- Conditions. These are all the unique variables surrounding the loan or terms the bank or credit union establishes as requirements for the loan, like additional evidence of income if needed or an appraisal on real estate. Some additional variables can be: What are you borrowing the money for? How long have you been working at your job or in your industry? What does the economy look like? Obviously, some of these factors are outside of your control.
Be prepared to provide the 6th C.
If you have little credit history and/or a history of not paying back a loan or loans on time, a lender may ask you to provide a 6th C before they will approve your loan: a cosigner.
A cosigner is someone who signs the loan papers with you and promises to pay off the loan if you default. It’s common for parents to cosign their kids’ first loans. You can also ask an aunt or uncle, a trusted family friend, or even your employer, if you have a strong relationship with them. Keep in mind that your cosigner will need to have the 5 C’s of credit covered, too.
Choose your lender carefully.
As a first-time borrower, it’s exciting to hear that any lender is willing to give you a loan. But take the time to read the fine print. For example, most auto dealers will secure financing an auto loan for you, but the dealer is not the lender; dealer loans are financed by other institutions. Make sure you know who the lender really is and take the time to research them.
The advantage of borrowing from a nonprofit credit union like MSGCU is that our goal is not making money; it’s helping our members be financially successful. We look to establish long-term relationships with our members. So, if one month you have an unexpected expense that makes it hard to make your loan payment, we’re here to talk it over with you, and help you get back on track. As an added bonus, MSGCU has market-leading interest rates and fees tend to be lower than those at most banks.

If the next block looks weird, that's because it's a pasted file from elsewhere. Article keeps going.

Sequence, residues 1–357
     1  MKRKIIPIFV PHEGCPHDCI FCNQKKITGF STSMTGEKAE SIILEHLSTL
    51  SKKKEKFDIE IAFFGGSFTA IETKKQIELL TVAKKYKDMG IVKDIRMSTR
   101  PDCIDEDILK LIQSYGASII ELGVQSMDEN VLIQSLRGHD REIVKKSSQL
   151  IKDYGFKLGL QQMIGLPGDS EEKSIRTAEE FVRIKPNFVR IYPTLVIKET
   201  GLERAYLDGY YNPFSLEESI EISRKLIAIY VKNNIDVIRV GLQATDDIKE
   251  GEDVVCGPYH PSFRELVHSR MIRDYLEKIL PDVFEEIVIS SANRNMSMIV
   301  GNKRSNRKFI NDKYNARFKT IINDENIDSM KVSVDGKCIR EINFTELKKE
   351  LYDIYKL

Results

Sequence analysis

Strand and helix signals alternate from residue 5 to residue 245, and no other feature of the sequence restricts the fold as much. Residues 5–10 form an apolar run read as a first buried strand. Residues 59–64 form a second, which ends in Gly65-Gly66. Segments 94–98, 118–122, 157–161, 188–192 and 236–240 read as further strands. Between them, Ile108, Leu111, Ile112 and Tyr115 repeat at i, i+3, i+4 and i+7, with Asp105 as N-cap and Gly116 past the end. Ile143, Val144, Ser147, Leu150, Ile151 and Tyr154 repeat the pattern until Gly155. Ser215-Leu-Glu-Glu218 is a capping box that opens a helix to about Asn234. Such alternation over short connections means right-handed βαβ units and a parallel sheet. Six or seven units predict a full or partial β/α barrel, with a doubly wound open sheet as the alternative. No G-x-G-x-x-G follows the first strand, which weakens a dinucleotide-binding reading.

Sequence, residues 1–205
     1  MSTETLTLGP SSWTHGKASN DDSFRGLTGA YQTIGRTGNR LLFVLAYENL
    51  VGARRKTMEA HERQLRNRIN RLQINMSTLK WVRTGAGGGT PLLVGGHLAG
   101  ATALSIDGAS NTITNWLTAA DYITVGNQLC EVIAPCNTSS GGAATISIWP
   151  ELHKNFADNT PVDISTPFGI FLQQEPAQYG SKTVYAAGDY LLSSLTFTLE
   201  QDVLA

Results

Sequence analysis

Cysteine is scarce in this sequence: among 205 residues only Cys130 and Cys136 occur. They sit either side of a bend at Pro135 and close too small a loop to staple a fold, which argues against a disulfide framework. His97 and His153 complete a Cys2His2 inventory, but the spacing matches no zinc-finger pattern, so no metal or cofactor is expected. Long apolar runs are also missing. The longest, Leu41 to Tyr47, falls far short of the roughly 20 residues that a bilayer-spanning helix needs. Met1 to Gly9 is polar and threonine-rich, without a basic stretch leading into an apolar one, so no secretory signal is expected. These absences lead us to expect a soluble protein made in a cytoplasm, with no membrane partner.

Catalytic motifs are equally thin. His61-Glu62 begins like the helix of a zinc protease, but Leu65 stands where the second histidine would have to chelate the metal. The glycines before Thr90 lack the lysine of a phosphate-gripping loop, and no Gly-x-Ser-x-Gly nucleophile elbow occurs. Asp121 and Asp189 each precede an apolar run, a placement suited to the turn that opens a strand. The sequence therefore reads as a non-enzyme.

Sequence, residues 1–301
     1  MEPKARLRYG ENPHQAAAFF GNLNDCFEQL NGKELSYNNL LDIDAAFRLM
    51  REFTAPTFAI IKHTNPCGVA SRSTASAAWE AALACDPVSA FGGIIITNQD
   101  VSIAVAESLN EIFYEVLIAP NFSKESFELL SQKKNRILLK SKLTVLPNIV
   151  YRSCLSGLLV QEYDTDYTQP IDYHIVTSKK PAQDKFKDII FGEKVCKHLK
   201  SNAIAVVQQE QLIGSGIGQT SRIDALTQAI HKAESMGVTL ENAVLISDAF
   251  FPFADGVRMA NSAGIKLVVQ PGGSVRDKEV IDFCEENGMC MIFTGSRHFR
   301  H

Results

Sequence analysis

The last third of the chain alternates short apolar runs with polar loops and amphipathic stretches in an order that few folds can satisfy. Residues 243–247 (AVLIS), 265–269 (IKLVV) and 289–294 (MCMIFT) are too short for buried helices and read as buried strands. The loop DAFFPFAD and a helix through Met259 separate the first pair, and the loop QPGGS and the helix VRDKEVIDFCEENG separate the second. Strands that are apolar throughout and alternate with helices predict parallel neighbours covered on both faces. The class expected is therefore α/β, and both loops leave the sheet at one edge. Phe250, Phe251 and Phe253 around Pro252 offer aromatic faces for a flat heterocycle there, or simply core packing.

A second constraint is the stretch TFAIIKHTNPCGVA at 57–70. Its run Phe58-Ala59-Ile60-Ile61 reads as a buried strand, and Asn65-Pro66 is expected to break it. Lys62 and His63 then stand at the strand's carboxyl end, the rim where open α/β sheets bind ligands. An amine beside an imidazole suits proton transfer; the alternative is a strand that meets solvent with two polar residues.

Don’t assume that the rate advertised by a lender is the rate you’ll get. Your rate will vary based on your credit score, how many years you get to pay off the loan, and other factors. Some lenders will offer a low interest rate and then charge high loan fees to make up for it. So make sure when you compare rates, you’re comparing the annual percentage rate (APR), which includes fees and other charges. The APR is your interest rate stated as a yearly rate. A good lender will take the time to make sure you understand the rate you’re paying, as well as any related fees, before you sign on the dotted line. Don’t let anyone rush you into making a decision.
Talk to us.
“Don’t be afraid to apply, and don’t be afraid to talk through your situation with a team member at the credit union,” said Dave Thompson. “We’re here to help you.” And don’t assume that you won’t qualify for a loan just because you’ve never had a loan before or because you may be young. MSGCU is here to champion the financial goals of all our members.
Ready to get started with your first loan? Come in and meet with us at any MSGCU branch, learn more about loans on this website under the “Borrow” tab, or call us at (866) 674-2848.